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'Dharma is always at stake. Take Manmohan Singh's Bhishma-like silence'(Interview with Gurucharan Das)

'Dharma is always at stake. Take Manmohan Singh's Bhishma-like silence'(Interview with Gurucharan Das)

Author: Saritha Rai
Publication: The Indian Express
Date: October 1, 2009
URL: http://www.indianexpress.com/news/dharma-is-always-at-stake.-take-manmohan-si/523563/

Introduction: Corporate chieftain-turned-author Gurcharan Das, whose post-liberalisation book 'India Unbound' became a bestseller in a dozen languages, has turned to the Mahabharata in his new book 'The Difficulty of Being Good: The Subtle Art of Dharma'. In conversation with Saritha Rai, Das discussed dharma, contemporary politics, and more.

Q.: What was the inspiration for the book?
A.: My previous book India Unbound had concluded on the positive note that economic prosperity would extend. It was only later that I began to realise how horrible day-to-day life is for the average Indian. Every interaction with the state is fraught with moral failure. Twenty per cent of a rickshawallah's earning is taken by the police as bribe. One out of four school teachers doesn't show up in government schools but parents bribe to get their child enrolled even in such schools. Our ministers are caught on tape accepting bribes. India is prosperous but Indians cannot be happy until we have fixed our governance issues. That's what drove me to the Mahabharata. I wondered if I could bring its insights to the ordinary person and make them aware of the moral failure that blankets us like Delhi's smog. Could I capture the essence of civic virtue from the Mahabharata?

Q.: Your book is intriguingly titled 'The Difficulty of Being Good'.
A.: The idea of dharma has evolved through history and has now become a personal attribute representing qualities such as honesty and non-violence. A person's conscience is his dharma, swadharma, a very liberal idea of ethical behavior. The bottomline is that every person is fully responsible for his actions.

Q.: 'India Unbound' represented artha or material well being. Your latest book represents dharma or moral well being. Is that your own life journey?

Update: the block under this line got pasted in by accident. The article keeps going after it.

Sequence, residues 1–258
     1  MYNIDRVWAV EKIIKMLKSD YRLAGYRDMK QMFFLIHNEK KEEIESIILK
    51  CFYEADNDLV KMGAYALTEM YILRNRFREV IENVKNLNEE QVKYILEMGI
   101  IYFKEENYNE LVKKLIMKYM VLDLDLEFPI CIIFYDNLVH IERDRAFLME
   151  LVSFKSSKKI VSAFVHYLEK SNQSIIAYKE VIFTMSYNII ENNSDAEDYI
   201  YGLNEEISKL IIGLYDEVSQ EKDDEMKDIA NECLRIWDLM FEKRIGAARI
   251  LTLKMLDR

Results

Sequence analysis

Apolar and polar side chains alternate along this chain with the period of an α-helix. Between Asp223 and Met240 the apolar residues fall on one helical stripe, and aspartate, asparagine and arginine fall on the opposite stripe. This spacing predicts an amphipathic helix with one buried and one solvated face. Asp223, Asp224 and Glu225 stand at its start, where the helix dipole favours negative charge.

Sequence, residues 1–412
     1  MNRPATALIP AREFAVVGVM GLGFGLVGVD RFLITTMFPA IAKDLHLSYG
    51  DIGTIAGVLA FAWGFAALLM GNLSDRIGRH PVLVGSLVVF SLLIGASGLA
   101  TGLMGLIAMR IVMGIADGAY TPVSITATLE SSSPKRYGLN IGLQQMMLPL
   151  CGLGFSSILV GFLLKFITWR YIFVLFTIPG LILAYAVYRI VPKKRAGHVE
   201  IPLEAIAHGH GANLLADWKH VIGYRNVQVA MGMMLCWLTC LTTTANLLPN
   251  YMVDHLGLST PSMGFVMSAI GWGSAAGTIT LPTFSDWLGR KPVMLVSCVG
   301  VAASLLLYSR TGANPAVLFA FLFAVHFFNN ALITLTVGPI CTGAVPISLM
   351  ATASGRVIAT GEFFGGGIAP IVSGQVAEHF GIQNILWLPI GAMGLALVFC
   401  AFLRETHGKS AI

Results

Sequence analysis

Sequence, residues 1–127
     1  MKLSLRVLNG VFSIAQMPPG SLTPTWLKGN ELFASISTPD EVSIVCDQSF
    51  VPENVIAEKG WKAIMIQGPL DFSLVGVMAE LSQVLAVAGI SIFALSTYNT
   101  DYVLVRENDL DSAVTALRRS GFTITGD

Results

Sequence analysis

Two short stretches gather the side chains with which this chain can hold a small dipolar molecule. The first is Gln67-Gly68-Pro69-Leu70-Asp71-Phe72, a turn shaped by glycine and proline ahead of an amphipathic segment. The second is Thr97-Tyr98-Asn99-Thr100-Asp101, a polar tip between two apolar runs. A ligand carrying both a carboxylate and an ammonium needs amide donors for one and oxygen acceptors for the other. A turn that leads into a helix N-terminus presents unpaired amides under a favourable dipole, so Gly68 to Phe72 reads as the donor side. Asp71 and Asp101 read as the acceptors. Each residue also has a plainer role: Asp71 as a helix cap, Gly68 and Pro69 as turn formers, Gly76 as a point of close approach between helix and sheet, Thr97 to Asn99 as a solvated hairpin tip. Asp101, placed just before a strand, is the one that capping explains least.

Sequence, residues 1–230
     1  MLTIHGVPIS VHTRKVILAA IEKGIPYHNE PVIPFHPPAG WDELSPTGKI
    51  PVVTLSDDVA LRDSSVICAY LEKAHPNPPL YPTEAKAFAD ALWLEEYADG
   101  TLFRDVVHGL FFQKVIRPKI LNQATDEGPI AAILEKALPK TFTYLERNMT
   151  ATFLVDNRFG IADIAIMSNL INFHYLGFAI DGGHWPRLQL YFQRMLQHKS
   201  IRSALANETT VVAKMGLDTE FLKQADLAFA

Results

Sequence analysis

A.: In this morally ambiguous century, it is a search for self. In the Mahabharata, examples abound of characters being conflicted, yet left to their own devices. It is very sophisticated moral reasoning. The book has not made me more moral, it has made me more conscious of moral issues and improved my moral reasoning skills. A character like Arjuna is conflicted about war. That made me think that we would like our leaders to put the moral concern into the equation before going to war. The US war in Iraq or Vietnam does not seem a just war.

Q.: You have written a book about Mahabharata at a time when working Indians are busy watching the bottomline, market share or stock price.
A.: The Mahabharata made me realise that the world is a marketplace founded on very moral ideas where every transaction is based on the premise of trust. Everybody - employees, suppliers - has to be treated justly. There is great dharma in capitalism and when the balance gets tipped, you get the likes of (former Satyam chairman) Ramalinga Raju. Being ambitious for your company is moral but greed for the sake of your children is not.

Q.: Who are the Arjunas, Karnas and Duryodanas in the modern Indian landscape?
A.: Both Anil and Mukesh Ambani have an aspect of Duryodhana in them. Anil Ambani suffers from envy which drives him to make the world believe he is as good as his brother. Mukesh too has facets of Duryodhana in denying his brother his rightful share of the father's wealth.

On the other hand, Murthy and Nilekani exemplify moral behaviour. Your company can't gain global marketshare unless there is excellence within. India could not be the world's second fastest growing economy but for its corporate heroes.

Q.: So where does the concept of dharma come in?
A.: Dharma is always at stake. Take Manmohan Singh's morally ambiguous silence over the selection of a president to succeed Dr. Kalam. It was clear to everybody that Pratibha Patil has a tainted past. There were scandals involving a co-operative bank and accusations that her family had siphoned off money. There was a clamour against her nomination but the Congress Party had already decided they wanted a woman. They made her the president of India. Manmohan Singh, an otherwise moral, Bhishma-like persona was part of this conspiracy of silence. As the Mahabharata says, a fourth of the blame goes to Bhishma for choosing to remain silent.

Q.: Is India still Unbound? Or, has some of your optimism for India come off from the time you wrote your last book?
A.: What I predicted in India Unbound is coming true. When this global crisis is over, India will go back to the earlier growth rates. I feel prosperity will spread in India. But what is holding it back is the failure of the government. More than economic reforms, we need government reforms. We need to fix our government; we need police, judicial and administrative reforms.

Q.: How would you apply the teachings of the Mahabharata to decision-making?
A.: Despite all the ambiguity and uncertainty in the world, the Mahabharata snatches victory in the actions of Arjuna or of Yudhishtira. There is a contest between the kshatriya ethic and Yudhishtira's personal ethic. He has to protect his people above all else. Similarly, the CEO has to engage in highly moral behaviour at all times. In some ways we are lucky to have Manmohan Singh. He may not be the most effective leader but he is a humble, austere man. So, it is not all about Mulayam Singh and Mayawati. It is not only the Shakunis out there.


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